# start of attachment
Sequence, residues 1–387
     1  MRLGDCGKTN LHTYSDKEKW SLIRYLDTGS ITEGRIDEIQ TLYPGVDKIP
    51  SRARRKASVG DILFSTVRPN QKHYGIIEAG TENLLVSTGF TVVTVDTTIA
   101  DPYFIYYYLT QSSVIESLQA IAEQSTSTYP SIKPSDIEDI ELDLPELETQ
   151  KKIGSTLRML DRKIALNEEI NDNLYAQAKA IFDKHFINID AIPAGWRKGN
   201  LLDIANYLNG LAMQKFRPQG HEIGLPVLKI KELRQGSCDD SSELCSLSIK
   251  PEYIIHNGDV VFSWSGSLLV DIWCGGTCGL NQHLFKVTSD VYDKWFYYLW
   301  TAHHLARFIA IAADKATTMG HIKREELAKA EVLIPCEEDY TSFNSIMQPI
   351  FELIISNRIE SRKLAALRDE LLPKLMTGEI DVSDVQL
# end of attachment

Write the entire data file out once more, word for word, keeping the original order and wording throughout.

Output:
Sequence, residues 1–387
     1  MRLGDCGKTN LHTYSDKEKW SLIRYLDTGS ITEGRIDEIQ TLYPGVDKIP
    51  SRARRKASVG DILFSTVRPN QKHYGIIEAG TENLLVSTGF TVVTVDTTIA
   101  DPYFIYYYLT QSSVIESLQA IAEQSTSTYP SIKPSDIEDI ELDLPELETQ
   151  KKIGSTLRML DRKIALNEEI NDNLYAQAKA IFDKHFINID AIPAGWRKGN
   201  LLDIANYLNG LAMQKFRPQG HEIGLPVLKI KELRQGSCDD SSELCSLSIK
   251  PEYIIHNGDV VFSWSGSLLV DIWCGGTCGL NQHLFKVTSD VYDKWFYYLW
   301  TAHHLARFIA IAADKATTMG HIKREELAKA EVLIPCEEDY TSFNSIMQPI
   351  FELIISNRIE SRKLAALRDE LLPKLMTGEI DVSDVQL